Not a bright outlook for Motorola these days, with Google competing for handsets and the following
The move comes amid lower-than-expected bids for the company's home and networks mobility division, which had 2008 sales of $10.1 billion. Motorola had hoped the division would fetch a price of $4 billion to $5 billion, said people briefed on the auction. But so far bids have fallen in the range of $3 billion to $4 billion, these people said.
Sales trends were also a factor in the move. The unit makes set-top boxes for cable TV, as well as mobile-phone networking gear.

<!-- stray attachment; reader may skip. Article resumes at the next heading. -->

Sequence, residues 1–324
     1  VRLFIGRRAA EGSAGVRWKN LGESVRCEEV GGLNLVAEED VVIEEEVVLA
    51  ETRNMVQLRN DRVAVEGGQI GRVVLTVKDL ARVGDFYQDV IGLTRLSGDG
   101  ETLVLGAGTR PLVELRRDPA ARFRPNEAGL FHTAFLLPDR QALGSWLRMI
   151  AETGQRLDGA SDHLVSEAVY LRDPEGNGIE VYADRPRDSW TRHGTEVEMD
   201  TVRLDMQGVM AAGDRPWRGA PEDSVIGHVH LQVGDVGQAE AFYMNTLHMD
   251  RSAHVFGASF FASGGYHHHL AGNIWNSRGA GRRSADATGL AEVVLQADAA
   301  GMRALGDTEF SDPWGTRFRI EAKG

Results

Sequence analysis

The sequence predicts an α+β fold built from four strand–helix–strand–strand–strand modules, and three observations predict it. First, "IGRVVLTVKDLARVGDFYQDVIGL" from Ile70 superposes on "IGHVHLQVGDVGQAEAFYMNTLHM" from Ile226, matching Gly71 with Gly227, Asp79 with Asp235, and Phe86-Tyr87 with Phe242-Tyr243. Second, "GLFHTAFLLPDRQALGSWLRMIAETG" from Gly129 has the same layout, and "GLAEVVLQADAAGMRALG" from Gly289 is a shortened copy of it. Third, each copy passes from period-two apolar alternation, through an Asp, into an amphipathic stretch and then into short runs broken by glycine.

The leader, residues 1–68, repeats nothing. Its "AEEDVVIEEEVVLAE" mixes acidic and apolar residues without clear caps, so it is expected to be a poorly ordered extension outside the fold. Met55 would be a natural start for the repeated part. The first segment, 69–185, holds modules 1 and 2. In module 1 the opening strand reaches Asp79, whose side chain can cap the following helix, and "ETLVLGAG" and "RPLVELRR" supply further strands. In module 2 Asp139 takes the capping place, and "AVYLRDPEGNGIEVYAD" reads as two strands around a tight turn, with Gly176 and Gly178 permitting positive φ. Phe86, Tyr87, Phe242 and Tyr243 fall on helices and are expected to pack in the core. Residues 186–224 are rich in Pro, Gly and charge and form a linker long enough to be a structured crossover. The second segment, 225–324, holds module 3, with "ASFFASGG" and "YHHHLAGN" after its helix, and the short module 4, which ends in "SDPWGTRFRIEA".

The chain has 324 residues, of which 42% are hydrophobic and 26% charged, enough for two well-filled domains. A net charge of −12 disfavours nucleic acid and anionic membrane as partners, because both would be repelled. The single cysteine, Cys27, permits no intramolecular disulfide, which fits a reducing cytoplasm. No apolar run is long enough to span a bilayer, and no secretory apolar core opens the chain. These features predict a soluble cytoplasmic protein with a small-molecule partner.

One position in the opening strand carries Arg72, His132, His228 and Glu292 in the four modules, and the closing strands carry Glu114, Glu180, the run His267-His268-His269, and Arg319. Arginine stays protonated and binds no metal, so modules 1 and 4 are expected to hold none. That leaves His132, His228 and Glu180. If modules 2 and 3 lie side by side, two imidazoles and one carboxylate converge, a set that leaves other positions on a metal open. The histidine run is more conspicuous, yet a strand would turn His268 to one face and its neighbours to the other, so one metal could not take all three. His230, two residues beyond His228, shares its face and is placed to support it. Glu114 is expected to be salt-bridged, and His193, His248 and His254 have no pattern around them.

The set-top box business has a rich history. Originally a stand-alone company called General Instrument, it was run in the early 1990s by Donald Rumsfeld, later defense secretary under President George W. Bush. In 1991, private-equity firm Forstmann Little & Co. acquired the company and eventually brought in as chief executive Ed Breen, now CEO of Tyco International Ltd. Forstmann Little took General Instruments public in 1997, and Motorola acquired it for $17 billion in 1999.